Sunlight on “an atmosphere of fear’

The Queensland Government and Premier Annastacia Palaszczuk have been under heavy criticism for their workplace cultures and leadership since the release of the Coaldrake report last week – a “review of culture and accountability in the Queensland public sector”.

The report is very critical of the Queensland government’s management of the public service, identifying problems with the overuse of external consultants, issues of unfairness, the lack of transparency and openness, bullying and more. These findings could apply to most of the contemporary public sectors in Australia nationally and locally (as well as most medium- to large-sized companies).

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No lessons in the Dreamworld penalty

Coomera, Queensland, Australia – January 9, 2018. Exterior view of entrance to Dreamworld theme park, with stairs, building and people.

The iconic Australian theme park, Dreamworld, will never fully recover from the consequences of the deaths of four people after the Thunder River Rapids ride malfunctioned in 2016. The legal journey through the Queensland Courts finished on September 28 2020 with the handing down of a financial penalty of $3.6 million, although others could say the journey ended with the parent company’s, Ardent Leisure’s, plea of guilty, and others may pursue Ardent Leisure for civil penalties, if they can access details of Ardent Leisure’s insurance policies.

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Industrial Manslaughter exemption for mining looks over

Many advocates see the introduction of Industrial Manslaughter laws as a glorious moment that will change the world for the better, in other words, a silver bullet. But if it is a silver bullet, it is being shot into the political murk. Queensland’s expansion of its Industrial Manslaughter laws to the mining and resources industries was presented to Parliament on February 4, 2020, and is likely to pass with the support of those industries.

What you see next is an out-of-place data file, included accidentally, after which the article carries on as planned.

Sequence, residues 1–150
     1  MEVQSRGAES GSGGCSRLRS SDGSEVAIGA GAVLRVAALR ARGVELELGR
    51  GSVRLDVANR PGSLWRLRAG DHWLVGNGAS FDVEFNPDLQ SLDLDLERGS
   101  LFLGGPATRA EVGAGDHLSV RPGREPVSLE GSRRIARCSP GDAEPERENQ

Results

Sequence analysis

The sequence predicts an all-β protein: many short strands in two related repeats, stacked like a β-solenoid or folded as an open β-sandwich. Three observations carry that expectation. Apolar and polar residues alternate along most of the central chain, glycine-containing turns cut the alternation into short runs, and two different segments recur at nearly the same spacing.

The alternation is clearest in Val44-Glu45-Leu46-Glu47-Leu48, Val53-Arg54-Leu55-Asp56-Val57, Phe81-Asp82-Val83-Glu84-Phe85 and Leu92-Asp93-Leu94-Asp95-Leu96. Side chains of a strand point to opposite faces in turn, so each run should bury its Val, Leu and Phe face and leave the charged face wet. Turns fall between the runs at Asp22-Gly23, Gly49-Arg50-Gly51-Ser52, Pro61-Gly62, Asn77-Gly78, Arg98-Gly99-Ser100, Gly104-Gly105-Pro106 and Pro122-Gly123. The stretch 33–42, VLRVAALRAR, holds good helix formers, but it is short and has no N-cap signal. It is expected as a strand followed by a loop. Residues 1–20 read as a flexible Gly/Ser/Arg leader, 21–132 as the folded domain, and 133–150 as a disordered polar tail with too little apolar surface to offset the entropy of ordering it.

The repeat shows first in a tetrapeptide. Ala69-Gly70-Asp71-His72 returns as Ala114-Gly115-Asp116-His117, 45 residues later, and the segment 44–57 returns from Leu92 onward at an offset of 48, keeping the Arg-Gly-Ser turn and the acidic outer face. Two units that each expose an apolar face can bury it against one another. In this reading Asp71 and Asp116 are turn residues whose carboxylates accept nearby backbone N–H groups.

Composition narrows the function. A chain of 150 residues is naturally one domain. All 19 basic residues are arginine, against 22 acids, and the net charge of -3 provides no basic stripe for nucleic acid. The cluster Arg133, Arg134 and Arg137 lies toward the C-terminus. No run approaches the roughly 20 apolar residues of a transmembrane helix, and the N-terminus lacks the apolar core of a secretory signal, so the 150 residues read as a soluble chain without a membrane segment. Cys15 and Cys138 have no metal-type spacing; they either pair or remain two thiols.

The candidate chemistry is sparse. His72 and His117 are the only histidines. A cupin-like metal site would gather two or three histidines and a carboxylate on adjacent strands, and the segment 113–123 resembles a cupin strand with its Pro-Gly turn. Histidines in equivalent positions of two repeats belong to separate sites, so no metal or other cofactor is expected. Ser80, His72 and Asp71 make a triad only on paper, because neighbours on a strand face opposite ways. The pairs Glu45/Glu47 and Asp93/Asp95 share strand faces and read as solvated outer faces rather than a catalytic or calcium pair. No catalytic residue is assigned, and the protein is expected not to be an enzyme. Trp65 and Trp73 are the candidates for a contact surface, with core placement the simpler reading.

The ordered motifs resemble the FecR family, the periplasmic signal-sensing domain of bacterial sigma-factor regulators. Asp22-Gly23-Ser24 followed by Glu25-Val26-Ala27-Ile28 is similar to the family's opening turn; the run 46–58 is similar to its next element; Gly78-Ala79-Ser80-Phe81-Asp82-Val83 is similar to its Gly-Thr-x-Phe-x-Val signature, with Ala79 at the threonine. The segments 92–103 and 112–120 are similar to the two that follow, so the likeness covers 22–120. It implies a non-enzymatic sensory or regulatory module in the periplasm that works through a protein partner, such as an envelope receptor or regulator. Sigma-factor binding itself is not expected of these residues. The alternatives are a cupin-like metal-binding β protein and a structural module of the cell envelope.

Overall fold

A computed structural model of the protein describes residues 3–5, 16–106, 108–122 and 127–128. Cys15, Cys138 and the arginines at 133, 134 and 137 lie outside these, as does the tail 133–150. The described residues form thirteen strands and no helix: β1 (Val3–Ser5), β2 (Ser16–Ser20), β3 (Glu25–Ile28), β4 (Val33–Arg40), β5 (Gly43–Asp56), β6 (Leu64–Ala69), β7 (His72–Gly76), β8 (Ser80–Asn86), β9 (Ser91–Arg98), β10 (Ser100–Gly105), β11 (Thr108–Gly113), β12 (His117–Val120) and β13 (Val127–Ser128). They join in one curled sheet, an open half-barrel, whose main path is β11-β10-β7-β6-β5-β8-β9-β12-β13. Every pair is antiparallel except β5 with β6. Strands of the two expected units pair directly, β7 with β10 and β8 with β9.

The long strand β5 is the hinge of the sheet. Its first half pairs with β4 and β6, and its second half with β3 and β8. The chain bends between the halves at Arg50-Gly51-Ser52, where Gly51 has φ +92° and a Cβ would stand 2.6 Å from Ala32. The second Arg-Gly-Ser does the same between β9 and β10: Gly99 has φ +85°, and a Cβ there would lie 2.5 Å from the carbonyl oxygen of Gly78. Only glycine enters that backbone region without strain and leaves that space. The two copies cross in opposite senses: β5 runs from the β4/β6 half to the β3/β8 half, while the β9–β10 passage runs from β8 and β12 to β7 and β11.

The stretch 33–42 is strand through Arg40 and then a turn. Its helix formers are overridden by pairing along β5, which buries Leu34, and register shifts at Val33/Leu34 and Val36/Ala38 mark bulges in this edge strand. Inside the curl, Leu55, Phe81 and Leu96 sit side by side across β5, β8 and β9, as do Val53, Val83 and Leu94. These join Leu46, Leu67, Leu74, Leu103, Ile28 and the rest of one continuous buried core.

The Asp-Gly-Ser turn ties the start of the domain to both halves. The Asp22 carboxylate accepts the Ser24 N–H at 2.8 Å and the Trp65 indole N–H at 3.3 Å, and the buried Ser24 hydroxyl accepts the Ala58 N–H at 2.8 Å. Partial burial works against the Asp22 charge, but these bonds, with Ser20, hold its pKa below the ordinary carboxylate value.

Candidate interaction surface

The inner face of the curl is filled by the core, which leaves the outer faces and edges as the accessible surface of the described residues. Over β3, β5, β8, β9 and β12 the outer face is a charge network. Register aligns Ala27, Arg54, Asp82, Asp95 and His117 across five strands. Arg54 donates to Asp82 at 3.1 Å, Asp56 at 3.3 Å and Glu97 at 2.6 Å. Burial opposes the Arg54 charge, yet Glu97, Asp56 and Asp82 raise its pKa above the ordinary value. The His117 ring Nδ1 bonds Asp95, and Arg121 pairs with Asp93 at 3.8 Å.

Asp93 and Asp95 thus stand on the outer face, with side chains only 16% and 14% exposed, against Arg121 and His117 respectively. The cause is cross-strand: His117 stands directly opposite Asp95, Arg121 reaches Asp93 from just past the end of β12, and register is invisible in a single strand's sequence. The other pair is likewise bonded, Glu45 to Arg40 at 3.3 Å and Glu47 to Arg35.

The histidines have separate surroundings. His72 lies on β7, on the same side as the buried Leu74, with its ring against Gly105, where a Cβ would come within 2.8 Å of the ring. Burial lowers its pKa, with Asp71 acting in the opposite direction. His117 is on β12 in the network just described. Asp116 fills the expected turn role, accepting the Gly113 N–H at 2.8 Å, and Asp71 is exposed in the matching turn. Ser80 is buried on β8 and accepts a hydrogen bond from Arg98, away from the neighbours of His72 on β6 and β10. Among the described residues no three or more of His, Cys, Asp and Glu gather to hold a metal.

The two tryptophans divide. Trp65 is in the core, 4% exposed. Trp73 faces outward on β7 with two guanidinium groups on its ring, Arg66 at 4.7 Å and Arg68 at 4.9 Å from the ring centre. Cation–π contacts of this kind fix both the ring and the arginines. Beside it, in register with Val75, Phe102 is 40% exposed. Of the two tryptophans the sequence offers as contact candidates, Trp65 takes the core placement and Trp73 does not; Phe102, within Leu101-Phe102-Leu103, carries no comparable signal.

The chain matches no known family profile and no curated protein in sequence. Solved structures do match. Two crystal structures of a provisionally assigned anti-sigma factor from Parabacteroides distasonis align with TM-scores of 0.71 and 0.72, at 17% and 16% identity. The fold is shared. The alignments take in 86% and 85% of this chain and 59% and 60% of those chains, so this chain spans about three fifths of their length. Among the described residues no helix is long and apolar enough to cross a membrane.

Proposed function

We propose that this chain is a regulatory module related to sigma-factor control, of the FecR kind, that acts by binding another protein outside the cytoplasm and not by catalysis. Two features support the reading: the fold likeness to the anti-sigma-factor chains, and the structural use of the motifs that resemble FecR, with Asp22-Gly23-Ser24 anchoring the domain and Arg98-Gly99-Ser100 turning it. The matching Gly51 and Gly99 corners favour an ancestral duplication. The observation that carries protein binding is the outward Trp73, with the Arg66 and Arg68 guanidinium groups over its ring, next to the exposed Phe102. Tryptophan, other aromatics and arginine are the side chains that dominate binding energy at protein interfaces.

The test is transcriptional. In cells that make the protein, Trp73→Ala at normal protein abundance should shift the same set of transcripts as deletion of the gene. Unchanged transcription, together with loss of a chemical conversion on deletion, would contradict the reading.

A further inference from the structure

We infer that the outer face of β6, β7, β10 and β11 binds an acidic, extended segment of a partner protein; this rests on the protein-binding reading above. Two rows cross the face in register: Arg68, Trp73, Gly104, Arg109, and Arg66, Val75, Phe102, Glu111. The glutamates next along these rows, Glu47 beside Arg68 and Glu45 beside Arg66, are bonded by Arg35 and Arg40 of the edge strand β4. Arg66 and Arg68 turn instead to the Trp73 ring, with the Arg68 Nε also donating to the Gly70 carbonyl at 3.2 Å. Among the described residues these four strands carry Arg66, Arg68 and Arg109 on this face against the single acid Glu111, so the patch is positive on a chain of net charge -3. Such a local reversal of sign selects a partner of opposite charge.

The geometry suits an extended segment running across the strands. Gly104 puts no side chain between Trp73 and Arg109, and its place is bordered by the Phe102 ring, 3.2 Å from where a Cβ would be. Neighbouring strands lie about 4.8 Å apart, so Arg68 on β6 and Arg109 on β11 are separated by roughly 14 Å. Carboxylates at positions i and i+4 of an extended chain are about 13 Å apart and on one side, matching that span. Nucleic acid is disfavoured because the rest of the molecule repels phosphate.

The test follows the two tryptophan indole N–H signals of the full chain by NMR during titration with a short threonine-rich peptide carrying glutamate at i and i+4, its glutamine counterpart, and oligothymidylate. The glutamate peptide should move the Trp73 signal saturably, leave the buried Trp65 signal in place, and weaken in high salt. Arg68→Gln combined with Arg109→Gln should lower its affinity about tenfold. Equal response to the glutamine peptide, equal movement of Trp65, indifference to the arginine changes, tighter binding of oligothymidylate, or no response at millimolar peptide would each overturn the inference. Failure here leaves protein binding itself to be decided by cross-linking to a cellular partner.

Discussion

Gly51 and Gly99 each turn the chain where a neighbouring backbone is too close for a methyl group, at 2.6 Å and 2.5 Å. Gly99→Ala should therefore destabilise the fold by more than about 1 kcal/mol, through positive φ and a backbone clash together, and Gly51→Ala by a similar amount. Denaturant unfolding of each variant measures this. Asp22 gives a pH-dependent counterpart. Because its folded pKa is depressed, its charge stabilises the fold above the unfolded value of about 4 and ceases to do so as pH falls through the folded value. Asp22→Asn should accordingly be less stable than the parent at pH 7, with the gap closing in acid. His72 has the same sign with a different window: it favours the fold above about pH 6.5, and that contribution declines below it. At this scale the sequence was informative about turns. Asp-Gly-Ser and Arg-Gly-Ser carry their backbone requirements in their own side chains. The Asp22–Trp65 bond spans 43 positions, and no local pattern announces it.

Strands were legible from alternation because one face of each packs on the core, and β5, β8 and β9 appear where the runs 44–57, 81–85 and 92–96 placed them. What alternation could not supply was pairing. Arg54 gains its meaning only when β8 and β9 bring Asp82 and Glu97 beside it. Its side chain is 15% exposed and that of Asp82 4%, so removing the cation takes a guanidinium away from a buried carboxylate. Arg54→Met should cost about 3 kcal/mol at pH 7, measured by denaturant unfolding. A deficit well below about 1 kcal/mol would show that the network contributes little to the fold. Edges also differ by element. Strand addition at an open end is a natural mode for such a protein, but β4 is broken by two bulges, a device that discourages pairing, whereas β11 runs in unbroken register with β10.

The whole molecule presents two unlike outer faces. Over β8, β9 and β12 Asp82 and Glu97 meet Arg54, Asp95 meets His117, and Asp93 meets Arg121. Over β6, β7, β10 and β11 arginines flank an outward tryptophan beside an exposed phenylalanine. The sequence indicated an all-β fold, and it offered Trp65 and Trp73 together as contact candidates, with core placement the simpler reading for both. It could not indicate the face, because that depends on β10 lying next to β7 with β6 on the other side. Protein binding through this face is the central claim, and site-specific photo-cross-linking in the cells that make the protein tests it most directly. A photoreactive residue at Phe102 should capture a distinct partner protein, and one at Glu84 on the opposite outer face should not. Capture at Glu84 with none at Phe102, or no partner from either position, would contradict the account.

Occupational health and safety (OHS) laws should apply to businesses and workers without exception. Queensland’s exemption of the mining and resources sector from Industrial Manslaughter laws was always a nonsense but that nonsense made good political sense in an election year.

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Oral biffo over safety in Queensland Parliament

Before Christmas, the Victorian Government will be presenting a Bill for Industrial Manslaughter laws to the Parliament. The core elements of accountability and penalty are expected to be little different to the Bill that failed to pass Parliament earlier this Century by a bee’s whatsit. The debate is likely to be on the same benefits and costs, so one can reread Victoria’s Hansard from 2002 or look at the debate in Queensland Parliament last week where that Government’s “Safety Reset” has generated arguments about which party is more committed to occupational health and safety (OHS).

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Queensland’s “production versus protection dichotomy”

Last week the Queensland Government proposed changing some of the health and safety laws that relate to mining.  Changes to occupational health and safety (OHS) laws that improve workplace safety are almost always welcome, but to some extent these recent changes are “catch-up”.

The Government’s media statement of the proposed laws is very positive and the changes are largely very good.  Natural Resources, Mines and Energy Minister Dr Anthony Lynham is quoted saying

“The Department’s mines inspectorate through their investigations have found that one of the causes of an increase in risk is due to contractors not having a full understanding of the SHMS on the mining site…”

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